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experiment offers a chance to retain jobs, they may co-operate with it. Such conditions are unlikely in themselves to be sufficient for this result. Thus if an experiment is one of a series of failed managerial promises, or if it changes little in reality, acceptance is likely to evaporate rapidly. But where there seems to be concrete change, acceptance can occur. For example, Wright and Edwards (1998) report a case in which managerial intent was demonstrated by the imposition of teams on unwilling line managers and supervisors; in addition, specific and meaningful rights were given to teams, which were thus far more than a rhetorical device.

An important part of this line of research was the demonstration that teams did not have pre-defined causal influences. They had sets of potentials that could be released, sometimes in unintended ways. One study for example found that the language of empowerment used by managers was taken up by workers, who began to hold managers to account against the new image of a democratic organization and who took the rhetoric of empowerment as a means to make their own demands (Rosenthal et al., 1997). Such findings are strongly consistent with the arguments of CR about the indeterminacy of causal powers.

Pay determination and the causal powers of legislation

If there is one issue that illustrates the strengths and weaknesses of institutional analyses in IR, it is the setting of pay. For over 100 years, institutionalists have noted the inability of conventional economic theory to explain the diversity of pay, notably why the ‘same’ occupation in the same labour market can be rewarded differently and why externally mandated pay rises, such as those associated with minimum wages, have not had the expected effects in terms of reduced numbers of jobs.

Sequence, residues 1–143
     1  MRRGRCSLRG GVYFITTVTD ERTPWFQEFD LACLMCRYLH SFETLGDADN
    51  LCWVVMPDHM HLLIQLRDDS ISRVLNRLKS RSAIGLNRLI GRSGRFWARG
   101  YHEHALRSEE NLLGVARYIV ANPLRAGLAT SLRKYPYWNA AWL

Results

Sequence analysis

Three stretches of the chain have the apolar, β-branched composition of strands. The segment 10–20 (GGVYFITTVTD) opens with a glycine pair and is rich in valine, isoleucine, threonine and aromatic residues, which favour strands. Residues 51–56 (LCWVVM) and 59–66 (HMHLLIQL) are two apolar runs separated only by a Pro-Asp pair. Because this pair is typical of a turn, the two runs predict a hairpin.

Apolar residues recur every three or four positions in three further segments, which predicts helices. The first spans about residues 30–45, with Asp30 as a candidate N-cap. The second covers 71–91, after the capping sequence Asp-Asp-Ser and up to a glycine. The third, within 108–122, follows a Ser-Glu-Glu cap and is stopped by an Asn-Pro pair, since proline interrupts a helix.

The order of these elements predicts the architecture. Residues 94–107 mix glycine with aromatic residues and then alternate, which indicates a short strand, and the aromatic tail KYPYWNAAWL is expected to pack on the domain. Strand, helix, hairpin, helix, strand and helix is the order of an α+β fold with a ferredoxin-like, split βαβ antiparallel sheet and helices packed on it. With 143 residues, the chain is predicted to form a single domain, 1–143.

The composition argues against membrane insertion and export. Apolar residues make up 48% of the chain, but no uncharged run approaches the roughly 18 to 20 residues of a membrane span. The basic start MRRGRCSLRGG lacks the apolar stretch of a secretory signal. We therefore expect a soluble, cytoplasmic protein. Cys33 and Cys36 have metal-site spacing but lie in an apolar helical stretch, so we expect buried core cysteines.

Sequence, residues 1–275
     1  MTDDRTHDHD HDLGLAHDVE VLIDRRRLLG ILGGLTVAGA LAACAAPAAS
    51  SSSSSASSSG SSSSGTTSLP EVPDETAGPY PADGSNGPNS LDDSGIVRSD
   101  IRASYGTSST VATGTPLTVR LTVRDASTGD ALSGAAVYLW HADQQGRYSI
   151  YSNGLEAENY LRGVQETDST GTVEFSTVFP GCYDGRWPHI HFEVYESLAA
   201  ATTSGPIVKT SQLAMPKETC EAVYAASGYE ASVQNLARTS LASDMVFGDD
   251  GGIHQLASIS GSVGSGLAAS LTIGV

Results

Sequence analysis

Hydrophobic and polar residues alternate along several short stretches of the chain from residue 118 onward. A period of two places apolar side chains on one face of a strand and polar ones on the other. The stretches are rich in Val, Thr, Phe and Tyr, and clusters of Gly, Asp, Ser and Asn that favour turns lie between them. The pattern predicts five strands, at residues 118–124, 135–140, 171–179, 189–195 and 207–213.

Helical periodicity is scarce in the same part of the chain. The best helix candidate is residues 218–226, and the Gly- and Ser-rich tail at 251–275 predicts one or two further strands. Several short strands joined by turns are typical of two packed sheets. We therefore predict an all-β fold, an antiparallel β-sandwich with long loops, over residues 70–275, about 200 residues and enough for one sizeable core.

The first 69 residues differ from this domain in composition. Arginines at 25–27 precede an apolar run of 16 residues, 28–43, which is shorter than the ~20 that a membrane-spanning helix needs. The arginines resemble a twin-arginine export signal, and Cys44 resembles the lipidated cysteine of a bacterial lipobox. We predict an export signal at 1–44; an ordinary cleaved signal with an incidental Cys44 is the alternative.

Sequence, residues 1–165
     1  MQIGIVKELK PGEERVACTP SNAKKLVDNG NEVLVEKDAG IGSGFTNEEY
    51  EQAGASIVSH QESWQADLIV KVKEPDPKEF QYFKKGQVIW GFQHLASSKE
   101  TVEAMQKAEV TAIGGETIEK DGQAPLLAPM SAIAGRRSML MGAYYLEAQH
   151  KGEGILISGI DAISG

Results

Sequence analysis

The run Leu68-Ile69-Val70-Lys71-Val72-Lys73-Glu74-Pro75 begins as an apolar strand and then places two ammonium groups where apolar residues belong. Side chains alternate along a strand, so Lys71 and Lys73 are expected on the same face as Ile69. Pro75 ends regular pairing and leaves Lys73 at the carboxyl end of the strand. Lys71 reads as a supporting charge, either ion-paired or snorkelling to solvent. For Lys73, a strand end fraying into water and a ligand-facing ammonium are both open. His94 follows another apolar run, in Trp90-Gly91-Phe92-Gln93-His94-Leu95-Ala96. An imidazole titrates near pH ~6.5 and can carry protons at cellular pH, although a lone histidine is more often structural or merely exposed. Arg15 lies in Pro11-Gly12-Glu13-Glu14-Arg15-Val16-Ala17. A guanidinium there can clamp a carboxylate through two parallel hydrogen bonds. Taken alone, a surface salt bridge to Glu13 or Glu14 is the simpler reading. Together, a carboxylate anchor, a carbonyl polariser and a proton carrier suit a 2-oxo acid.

It is also true that conventional explanations are not always convincing. Consider the two results just noted. The first is commonly rationalized in terms of efficiency wage theory: paying more than a market rate helps to secure worker commitment and induces discretionary effort (see Groshen, 1991). The second is usually explained in terms of monopsony power: employers had this power, and the effect of a rise in wages was to cut the super-normal profits they were making (Card and Krueger, 1995). Yet such explanations are profoundly functionalist in character, assuming that an answer must lie in rational models: if employers pay above ‘market rates’ there must be a functional explanation. Rather than asking how employers in fact behave, they are constrained by extant economic models. Monopsony seems to fit the logic of these models, and because it is thus consistent the assumption seems to be that an explanation has been provided. But it has not. Independent evidence for efficiency wage behaviour or monopsony is not provided, and in the latter case at least it seems unlikely to be available: minimum wages cover low-wage and competitive industries, and it is not clear how such competitive firms have monopsony power. The explanation was simply the most plausible within economic theory, but that does not necessarily make it a good one.

As Rubery (1997) has argued, existing models of wage setting tend to assume that the process is orderly and rational, whereas in fact it is often chaotic and unplanned. An illustration is the study of small firms in competitive markets that were affected by the arrival of the UK National Minimum Wage (Gilman et al., 2002). Given that they were in competitive sectors, and also that institutionalized pay setting through collective bargaining was absent, these firms might be expected to be paying ‘market rates’. Yet they do not have formal pay-setting arrangements such as structures that specify rates for a job. This absence of formal institutions means that pay is set by


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